Background: Swallowing is affected following stroke. Many studies focus on various aspects of swallowing difficulties (dysphagia) following stroke. However, there are not many studies on the determinants of dysphagia following stroke. The aim of the present study is to establish the association between various factors with the severity of dysphagia.
Methods: After screening for Mann Assessment of Swallowing Ability (MASA), 110 patients, post-stroke were selected using consecutive sampling to assess the common risk factors, namely the presence of diabetes mellitus, dyslipidemia, hypertension, alcohol usage and smoking habits. Additionally, other variables such as age, gender, type of lesion, side of lesion, tobacco chewing, speech disorders, arterial dysfunction, lobe involvement and Brunnstrom’s stages, were also evaluated using a structured interview method. X2 (chi-squared) analysis was carried out to find out the association between the selected determinants and severity of dysphagia following stroke.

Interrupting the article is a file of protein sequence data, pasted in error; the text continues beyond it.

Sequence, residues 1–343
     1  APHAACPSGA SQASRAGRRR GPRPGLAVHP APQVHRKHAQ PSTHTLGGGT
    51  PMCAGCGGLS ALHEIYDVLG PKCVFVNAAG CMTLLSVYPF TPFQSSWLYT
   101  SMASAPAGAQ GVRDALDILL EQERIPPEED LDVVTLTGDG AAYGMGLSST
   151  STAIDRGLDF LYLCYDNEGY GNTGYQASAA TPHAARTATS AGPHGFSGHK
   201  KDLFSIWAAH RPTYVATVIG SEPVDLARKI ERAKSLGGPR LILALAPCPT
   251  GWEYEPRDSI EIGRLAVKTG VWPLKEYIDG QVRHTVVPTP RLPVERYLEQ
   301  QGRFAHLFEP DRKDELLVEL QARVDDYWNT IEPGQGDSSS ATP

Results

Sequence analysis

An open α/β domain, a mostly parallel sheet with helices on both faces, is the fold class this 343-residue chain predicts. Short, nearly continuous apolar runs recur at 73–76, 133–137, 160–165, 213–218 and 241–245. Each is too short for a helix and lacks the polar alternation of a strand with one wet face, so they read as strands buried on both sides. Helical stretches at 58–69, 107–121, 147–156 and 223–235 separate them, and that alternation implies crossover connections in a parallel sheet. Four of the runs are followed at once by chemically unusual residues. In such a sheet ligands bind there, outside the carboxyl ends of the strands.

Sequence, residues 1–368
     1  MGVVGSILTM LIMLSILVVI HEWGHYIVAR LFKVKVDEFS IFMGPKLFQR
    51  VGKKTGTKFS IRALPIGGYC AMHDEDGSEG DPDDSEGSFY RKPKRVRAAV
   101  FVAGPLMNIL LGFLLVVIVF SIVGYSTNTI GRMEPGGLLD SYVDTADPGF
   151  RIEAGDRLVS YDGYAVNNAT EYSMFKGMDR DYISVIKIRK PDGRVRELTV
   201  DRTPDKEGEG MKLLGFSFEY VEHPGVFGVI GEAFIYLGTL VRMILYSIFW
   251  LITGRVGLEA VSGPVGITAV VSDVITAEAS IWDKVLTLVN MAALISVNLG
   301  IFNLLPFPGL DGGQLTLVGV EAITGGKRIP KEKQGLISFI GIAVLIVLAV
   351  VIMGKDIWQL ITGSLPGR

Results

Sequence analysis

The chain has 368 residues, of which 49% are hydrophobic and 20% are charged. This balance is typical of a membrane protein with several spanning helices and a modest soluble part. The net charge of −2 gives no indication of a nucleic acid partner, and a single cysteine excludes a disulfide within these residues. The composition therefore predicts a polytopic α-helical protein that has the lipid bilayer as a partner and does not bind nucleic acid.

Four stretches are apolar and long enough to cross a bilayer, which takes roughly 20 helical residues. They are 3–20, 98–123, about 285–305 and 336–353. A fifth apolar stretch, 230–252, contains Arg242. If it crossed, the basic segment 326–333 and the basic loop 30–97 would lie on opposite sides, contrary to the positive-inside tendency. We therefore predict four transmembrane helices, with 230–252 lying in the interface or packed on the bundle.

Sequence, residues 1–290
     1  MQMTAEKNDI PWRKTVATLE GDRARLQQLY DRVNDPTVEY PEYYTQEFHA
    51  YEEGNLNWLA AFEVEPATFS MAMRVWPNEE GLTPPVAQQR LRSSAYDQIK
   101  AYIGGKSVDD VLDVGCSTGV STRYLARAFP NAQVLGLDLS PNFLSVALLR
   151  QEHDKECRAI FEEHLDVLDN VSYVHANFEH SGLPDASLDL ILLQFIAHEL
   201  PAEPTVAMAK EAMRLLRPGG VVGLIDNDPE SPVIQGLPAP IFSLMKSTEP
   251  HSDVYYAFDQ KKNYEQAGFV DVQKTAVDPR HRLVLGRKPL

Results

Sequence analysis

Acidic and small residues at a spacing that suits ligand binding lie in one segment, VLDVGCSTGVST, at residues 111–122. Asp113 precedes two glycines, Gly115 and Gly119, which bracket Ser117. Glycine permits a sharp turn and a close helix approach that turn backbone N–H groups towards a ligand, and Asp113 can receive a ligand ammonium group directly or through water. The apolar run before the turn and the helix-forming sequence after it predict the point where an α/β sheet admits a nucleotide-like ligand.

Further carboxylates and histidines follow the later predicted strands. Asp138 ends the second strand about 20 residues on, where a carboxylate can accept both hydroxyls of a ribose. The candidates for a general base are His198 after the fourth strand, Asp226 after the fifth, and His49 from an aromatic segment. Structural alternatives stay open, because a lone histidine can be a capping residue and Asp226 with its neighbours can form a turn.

Results: It was found that age and Brunnstrom’s stages are the determinants of dysphagia, as analysis showed a strong association with a p value < 0.001. A marginal association between post-stroke dysphagia and type of lesion with a p value of 0.056 was also observed.
Conclusions: Among 15 factors evaluated, age, type of lesion and Brunnstrom’s stages showed a significant association with the severity of dysphagia following stroke. This study advocates early dysphagia management for elderly patients with high Brunnstrom’s grading, for those who are not expected to spontaneously recover following stroke, and for earlier and better community rehabilitation. [Ethiop.J. Health Dev. 2019; 33(3):00-00]
Key words: Post-stroke dysphagia, Brunnstrom’s stages, dysphagia risk factors.